2016 will be remembered as both eventful and profitable for investors. Specifically, the Fort McMurray fires were severe and immediately negative to the Canadian economy whereas Brexit and Donald Trump are events which are in development and will shape the political and economic landscape for many years to come.
While Brexit and a long list of European elections in 2017 are important to our economy, the politics and policies of the Trump administration are the most critical for Canadians. What was said on the campaign trail and what is done when in office are two different things. Focusing on some key areas of his platform is a worthwhile exercise as it helps investors set up their expectations for the upcoming political/economic events.
Two policies at the top of the agenda are personal/corporate tax reductions and infrastructure spending. These policies along with reduced regulation for financial institutions have been met with enthusiasm by investors. From November 8 to year end, the Dow Jones Industrials Index put on 1,503 points, an 8.2% increase.
As a result of the Trump victory, economists have increased their forecast of economic growth in the U.S. from 2% to 2.5% in 2017. We agree that increased fiscal spending will be positive to economic growth but the timing of this pickup in growth is likely to be late 2017 or a 2018 story. Investors appear to be excited by the surprise Trump victory and are getting way ahead of reality. Tracking the developments and approval process of these policy changes will be nerve wracking for investors and may provide unexpected volatility in the markets.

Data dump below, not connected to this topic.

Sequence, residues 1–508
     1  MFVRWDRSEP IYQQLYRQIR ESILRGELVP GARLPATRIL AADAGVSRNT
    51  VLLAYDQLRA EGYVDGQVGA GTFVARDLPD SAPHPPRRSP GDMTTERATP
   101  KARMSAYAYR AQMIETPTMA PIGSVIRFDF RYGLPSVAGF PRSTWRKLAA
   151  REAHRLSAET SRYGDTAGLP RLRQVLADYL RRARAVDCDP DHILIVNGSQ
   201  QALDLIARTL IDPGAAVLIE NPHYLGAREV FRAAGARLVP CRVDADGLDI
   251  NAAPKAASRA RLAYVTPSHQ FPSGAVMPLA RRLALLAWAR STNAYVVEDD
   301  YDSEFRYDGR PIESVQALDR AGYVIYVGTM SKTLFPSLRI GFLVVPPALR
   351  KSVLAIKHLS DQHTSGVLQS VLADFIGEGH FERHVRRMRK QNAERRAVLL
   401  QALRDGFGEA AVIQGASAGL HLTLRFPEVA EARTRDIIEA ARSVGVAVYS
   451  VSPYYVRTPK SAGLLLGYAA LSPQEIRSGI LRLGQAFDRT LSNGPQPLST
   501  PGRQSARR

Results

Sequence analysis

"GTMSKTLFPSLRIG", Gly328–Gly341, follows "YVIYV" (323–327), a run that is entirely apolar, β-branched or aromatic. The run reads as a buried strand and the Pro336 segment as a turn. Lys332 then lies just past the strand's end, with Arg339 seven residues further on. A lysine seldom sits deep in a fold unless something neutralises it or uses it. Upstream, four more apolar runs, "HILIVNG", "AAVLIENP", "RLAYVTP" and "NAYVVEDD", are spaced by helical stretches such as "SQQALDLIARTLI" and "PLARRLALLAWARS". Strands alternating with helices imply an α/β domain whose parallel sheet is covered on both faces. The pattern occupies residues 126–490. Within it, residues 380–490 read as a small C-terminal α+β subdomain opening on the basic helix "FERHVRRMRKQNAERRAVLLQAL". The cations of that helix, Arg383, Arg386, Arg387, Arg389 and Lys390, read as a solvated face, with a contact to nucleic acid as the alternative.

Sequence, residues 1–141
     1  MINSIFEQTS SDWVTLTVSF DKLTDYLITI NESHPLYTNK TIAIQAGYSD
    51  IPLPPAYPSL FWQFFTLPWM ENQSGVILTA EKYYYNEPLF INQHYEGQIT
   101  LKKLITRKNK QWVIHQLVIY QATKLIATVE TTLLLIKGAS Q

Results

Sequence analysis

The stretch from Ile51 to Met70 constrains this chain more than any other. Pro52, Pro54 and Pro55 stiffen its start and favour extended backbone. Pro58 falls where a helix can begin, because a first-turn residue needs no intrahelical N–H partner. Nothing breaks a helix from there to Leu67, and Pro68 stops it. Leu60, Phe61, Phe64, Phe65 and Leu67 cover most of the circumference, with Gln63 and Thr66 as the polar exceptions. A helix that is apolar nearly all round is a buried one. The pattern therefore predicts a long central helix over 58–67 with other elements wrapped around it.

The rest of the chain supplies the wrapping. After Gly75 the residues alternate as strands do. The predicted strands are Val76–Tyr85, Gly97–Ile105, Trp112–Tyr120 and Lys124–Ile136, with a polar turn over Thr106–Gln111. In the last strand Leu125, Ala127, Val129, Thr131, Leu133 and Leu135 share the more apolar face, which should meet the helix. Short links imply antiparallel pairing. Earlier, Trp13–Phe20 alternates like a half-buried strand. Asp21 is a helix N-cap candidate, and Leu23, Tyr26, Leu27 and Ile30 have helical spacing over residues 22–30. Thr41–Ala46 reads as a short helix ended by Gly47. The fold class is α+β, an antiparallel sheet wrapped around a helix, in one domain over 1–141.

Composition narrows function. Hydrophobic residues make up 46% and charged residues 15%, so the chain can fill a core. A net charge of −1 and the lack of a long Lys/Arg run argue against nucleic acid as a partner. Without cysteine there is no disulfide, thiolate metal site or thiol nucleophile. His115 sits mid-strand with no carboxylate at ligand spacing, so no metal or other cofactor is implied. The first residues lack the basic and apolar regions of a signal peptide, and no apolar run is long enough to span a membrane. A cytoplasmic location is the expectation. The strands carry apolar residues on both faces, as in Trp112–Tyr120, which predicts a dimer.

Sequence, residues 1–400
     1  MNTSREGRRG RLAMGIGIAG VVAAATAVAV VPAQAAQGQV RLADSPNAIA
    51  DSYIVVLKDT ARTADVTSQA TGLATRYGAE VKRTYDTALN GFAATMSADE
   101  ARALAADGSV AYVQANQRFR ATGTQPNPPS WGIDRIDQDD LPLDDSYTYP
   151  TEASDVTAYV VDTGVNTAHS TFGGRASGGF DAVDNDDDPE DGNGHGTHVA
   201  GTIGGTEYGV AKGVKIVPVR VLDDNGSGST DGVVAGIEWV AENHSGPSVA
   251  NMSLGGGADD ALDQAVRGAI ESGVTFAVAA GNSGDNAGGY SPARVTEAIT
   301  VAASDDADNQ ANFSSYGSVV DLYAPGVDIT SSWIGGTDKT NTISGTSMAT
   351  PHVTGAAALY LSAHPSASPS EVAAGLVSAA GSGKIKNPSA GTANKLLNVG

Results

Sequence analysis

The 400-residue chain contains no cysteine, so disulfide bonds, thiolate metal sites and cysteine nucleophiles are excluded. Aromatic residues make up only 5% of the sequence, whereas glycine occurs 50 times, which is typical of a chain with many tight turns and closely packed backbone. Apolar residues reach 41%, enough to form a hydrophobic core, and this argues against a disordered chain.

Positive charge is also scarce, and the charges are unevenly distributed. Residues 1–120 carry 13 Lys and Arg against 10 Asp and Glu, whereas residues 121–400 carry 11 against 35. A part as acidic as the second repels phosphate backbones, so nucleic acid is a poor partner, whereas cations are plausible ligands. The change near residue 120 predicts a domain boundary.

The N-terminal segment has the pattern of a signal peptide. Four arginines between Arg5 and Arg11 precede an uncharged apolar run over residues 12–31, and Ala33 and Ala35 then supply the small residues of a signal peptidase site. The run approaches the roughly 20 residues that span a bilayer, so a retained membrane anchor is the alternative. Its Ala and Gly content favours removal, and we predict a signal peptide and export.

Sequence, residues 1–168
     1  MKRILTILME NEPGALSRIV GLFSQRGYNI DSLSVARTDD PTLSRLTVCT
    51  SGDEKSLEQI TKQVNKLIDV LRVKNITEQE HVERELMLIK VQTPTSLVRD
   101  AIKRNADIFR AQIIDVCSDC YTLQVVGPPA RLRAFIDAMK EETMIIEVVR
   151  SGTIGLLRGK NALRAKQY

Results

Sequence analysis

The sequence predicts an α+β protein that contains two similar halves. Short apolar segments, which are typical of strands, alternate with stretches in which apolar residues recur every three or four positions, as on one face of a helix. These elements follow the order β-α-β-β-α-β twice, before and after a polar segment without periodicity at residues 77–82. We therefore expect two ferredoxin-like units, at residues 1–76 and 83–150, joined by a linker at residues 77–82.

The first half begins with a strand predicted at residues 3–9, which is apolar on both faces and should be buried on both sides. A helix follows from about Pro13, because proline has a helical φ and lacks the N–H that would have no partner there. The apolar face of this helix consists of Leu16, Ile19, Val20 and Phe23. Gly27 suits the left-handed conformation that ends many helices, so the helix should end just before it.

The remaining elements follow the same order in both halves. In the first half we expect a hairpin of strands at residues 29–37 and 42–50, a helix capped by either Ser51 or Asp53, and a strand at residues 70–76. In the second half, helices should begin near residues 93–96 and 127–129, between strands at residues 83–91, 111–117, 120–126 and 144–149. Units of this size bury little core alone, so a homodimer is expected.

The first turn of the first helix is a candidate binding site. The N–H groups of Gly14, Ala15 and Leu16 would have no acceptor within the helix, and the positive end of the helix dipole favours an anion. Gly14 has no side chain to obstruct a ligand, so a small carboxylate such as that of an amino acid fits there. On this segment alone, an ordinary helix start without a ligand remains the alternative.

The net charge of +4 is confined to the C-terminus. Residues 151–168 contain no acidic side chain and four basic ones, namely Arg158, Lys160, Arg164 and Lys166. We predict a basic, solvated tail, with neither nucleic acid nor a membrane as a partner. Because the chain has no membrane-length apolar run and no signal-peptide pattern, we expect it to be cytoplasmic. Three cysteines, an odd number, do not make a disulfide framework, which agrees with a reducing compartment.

For Canada, trade policies are our biggest concern. We have already heard comments about softwood lumber and cattle from the Trump administration. However, Canada is not a low wage exporter to the U.S. as are China and Mexico. Also, Canada is the largest purchaser of goods from the U.S. These two factors should aid in our trade discussions with the U.S. Having said that, politics and perceptions could get in front of good decision making.
On a positive note, there is a high possibility of getting the TransCanada Keystone XL pipeline approved. This huge project along with the approval of the Kinder Morgan Trans Mountain pipeline and Enbridge’s Line 3 replacement program, will spur economic growth in Canada but more importantly will increase our oil export capacity by 1.75 million barrels per day once all projects are complete. With more pipeline export capacity, the oil industry will expand business spending to increase oil production to fill the pipelines.
“At this time” we believe the Trump administration will be positive for growth in the U.S. and therefore positive for the Canadian economy. Trade relations will cause some uncertainty but hopefully we can do a deal with The Donald.
Our specific forecast for GDP growth and CPI inflation is as follows: